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Industry News
Advanced Street Lighting System Wins Three Prizes at The International Exhibition of Inventions
May 4, 2008

By Joyce Kam

The Standard:  http://www.thestandard.com.hk/

A STREET LAMP that promises to last a long time, helps save energy and is cost-effective has turned the spotlight on Hong Kong Polytechnic University researchers at an international expo for inventors.

The team of researchers that developed an advanced street lighting system came away with three prizes at the International Exhibition of Inventions, New Techniques and Products held in Geneva last month. The lighting system won a gold medal, a special prize as well as the international press prize, voted on by journalists for the invention that drew the most attention.

The high-power light-emitting diode street lighting system with a modular lamp holder uses only one- tenth of the energy utilized by traditional lighting systems, according to the researchers.

Lee Wing-bun, chair professor and head of industrial and systems engineering at the university, says the increased use of LEDs as a substitute for incandescent light bulbs will be inevitable, since they are environmentally-friendly.

According to Beijing Municipal Roadway Administration Bureau at the end of 2006, LEDs can save up to 190 million kilowatts each day for a 4,000-kilometer roadway that needs 300,000 street lights, while saving millions in costs.

Our specially-designed freeform optical surfaces with non-rotational symmetry can effectively and uniformly distribute light and save more energy, Lee says.

The modular lamp is made of five LED heatsink braces on which the high power LEDs are fitted. The five braces are then installed on a main brace depending on lighting required. 

This unique design enables better dissipation of heat and facilitates the replacement of defective individual LEDs without the need to dismantle the lamp holder, Lee says.

The price of the freeform high- power LED street light is similar to that of traditional street lights, yet the biggest advantage will be the energy and cost savings, he adds. Not only does it save energy, it also has a longevity of eight to 10 years, while a traditional street light only lasts one year.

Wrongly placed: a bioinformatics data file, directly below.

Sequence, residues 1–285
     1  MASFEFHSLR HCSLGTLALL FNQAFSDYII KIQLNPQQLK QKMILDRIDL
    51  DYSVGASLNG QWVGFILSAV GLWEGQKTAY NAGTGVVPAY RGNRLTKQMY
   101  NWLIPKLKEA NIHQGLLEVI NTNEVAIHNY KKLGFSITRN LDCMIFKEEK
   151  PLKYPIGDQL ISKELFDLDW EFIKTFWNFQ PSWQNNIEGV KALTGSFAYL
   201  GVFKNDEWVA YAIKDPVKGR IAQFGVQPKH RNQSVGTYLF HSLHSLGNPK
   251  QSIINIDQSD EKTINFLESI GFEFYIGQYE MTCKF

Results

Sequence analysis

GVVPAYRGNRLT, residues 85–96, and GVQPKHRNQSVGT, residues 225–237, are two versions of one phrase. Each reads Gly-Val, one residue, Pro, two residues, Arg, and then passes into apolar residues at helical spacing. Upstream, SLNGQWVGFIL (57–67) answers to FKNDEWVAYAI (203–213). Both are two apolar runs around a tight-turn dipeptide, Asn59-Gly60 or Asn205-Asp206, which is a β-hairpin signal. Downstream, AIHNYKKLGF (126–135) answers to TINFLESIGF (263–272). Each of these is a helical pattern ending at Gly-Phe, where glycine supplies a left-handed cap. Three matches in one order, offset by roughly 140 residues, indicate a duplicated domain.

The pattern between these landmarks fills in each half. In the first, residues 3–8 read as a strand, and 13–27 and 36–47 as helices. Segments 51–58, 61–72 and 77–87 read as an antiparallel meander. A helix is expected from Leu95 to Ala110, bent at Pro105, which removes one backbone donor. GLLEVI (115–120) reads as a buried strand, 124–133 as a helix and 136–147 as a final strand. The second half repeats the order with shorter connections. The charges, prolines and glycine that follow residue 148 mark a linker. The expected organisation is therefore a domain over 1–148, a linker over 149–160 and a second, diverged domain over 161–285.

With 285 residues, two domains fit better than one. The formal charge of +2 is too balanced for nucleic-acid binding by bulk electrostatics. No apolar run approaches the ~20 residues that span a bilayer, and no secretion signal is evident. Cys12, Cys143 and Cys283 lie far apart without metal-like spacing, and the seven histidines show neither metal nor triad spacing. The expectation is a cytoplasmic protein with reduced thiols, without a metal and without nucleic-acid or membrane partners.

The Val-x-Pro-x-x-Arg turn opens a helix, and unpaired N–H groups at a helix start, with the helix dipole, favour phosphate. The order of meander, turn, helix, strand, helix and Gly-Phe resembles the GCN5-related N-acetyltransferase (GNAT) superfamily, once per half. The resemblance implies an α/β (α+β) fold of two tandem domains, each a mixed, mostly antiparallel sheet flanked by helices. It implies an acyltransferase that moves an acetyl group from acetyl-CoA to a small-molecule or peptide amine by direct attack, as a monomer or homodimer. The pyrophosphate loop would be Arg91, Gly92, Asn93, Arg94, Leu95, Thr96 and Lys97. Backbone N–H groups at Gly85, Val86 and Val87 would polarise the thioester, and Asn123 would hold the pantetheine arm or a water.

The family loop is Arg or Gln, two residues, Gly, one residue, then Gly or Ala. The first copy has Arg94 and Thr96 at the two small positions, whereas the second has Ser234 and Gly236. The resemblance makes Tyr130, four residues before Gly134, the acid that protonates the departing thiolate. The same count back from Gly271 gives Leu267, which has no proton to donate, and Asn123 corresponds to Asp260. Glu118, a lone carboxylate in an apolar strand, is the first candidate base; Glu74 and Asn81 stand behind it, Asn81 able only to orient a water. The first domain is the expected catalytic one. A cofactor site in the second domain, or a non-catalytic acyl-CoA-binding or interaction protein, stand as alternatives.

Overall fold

He says the university team is negotiating with the government to replace the street lights now in use in Hong Kong with freeform LED street lights, while several manufacturers have expressed interest.

The freeform optical surfaces allows us to concentrate light in any shape, so it can be applied to almost everything, like car headlights, advertising, decorative lighting, Lee points out. The system was invented by Lee and Sandy To, an assistant professor.

In addition to the LED lighting system, a Chinese chess set for visually impaired people, also from the university, was awarded a gold medal, while a construction platform, which provides an alternative repair and maintenance platform that is safer than the traditional bamboo scaffolding erected outside skyscrapers, also won gold.

The Chinese chess board was invented by Michael Siu, associate professor in the School of Design, while the platform was the work of Francis Wong, head of building and real estate, and his associate head, Albert Chan.

A harmful algae indexing system that predicts red tides, and a modern Chinese medicine debulking approach, which helps to remove unnecessary ingredients and reduces extracts into convenient modern dosages, won a silver medal at the expo. The indexing system was devised by John Liu, chair professor and head of logistics, Samuel Lo, associate head of applied biology and chemical technology, and Yan Jia, assistant professor of logistics.

Ho Kin-chung, a professor from the Open University of Hong Kong, integrated the water-quality parameters with theories of phytoplankton dynamics and formation mechanisms of red tides for this system.

The annual Geneva exhibition drew some 1,000 inventions by more than 700 exhibitors from 45 countries and territories and attracted more than 72,000 visitors.  

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